Figure 1. Mean decrease in haemoglobin level in the first 24 h from the beginning of the operation; CPB — cardiopulmonary bypass


Figure 2. Mean decrease in haemoglobin levels in both types of cardiopulmonary bypass (CPB)


Figure 3. Mean decrease in haematocrit levels in both types of cardiopulmonary bypass (CPB)

Due to the blood and blood products transfusion standards adopted in our centre, the group with standard CPB system had indications for PRBC transfusion much more frequently, which accounted for as much as 77% of the total number of transfusions in both groups (p = 0.001).

For that reason, there is an elevation at the point no. 4 of the graph curve, visible in Figure 2.

A factor that also had a significant impact on the level of complete blood count was the total postoperative drain output, which was approximately 28% lower in the ‘mini-CPB’ group (p = 0.003) (Fig. 4).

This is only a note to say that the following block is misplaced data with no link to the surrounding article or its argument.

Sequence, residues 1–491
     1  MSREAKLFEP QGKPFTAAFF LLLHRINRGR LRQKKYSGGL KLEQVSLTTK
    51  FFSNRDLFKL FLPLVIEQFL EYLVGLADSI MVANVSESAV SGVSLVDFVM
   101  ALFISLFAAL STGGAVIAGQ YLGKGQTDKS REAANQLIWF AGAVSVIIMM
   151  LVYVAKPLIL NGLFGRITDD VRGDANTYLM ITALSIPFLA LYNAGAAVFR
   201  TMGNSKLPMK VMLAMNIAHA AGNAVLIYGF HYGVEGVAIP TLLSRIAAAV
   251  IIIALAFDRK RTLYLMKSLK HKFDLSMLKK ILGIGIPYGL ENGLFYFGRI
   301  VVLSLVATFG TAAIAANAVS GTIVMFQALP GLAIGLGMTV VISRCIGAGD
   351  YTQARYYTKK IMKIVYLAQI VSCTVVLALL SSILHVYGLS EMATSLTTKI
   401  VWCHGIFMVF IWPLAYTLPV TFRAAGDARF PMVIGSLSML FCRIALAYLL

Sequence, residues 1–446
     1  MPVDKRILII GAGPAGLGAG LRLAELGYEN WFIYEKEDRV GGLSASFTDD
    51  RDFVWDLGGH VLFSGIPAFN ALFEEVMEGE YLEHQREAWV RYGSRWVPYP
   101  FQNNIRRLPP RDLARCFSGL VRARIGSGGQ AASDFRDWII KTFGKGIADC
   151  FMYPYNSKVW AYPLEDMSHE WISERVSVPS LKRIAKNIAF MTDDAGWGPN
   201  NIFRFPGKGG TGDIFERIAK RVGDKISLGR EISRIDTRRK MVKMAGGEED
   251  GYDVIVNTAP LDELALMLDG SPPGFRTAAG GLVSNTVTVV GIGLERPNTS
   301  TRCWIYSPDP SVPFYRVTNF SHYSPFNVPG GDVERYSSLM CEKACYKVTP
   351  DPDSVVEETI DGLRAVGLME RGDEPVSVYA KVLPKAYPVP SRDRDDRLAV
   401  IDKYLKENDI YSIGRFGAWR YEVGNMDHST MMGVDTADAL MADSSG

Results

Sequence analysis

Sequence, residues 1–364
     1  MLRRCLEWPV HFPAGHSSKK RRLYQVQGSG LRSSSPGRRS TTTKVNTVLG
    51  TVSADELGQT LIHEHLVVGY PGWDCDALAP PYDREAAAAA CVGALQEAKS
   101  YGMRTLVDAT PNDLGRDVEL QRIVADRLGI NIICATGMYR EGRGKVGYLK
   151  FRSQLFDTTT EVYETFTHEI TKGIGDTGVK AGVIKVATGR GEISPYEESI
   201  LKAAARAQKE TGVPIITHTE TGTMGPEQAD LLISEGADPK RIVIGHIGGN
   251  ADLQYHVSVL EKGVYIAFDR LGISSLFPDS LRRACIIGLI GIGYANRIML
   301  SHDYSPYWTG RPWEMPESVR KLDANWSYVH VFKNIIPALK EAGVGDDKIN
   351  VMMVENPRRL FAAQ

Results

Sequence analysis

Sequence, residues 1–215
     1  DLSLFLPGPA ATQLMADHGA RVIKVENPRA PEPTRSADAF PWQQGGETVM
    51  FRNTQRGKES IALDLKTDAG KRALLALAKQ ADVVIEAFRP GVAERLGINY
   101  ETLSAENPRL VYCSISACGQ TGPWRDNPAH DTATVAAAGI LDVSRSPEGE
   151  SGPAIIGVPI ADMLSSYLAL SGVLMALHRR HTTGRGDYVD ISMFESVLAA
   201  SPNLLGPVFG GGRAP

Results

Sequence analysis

Figure 4. Comparison of mean total postoperative drainage in both groups; CPB — cardiopulmonary bypass

Due to the current small sample size of this ongoing study, no significant statistical differences were found in other parameters of blood cell count, i.e. platelet and white cell count, as well as in serum biochemistry parameters: electrolytes (sodium and potassium) creatinine and glomerular filtration rate, total protein, procalcitonin, C-reactive protein (CRP), or neutrophil gelatinase-associated protein (N-GAL) (Table 4).

Table 4. Test results of C-reactive protein [mg/L] (mean ± standard deviation)

Time point

Kruskal-Wallis test


After 24 h

After 48 h


5.9 ± 20.0

120.7 ± 40.2

43.2 ± 26.5

p < 0.001


2.6 ± 4.7

28.8 ± 56.7

105.6 ± 38.5

p < 0.001

Mann-Whitney U test

p = 0.385

p < 0.001

p < 0.001

CPB — cardiopulmonary bypass

All examined patients were discharged from the postoperative department on postoperative day 1 and discharged from the cardiac surgery department on day 5. The intubation time was slightly shorter in the ‘mini-CPB’ group, mean 15.5 ± 2.7 vs. 18.4 ± 1.4 h (p = 0.26).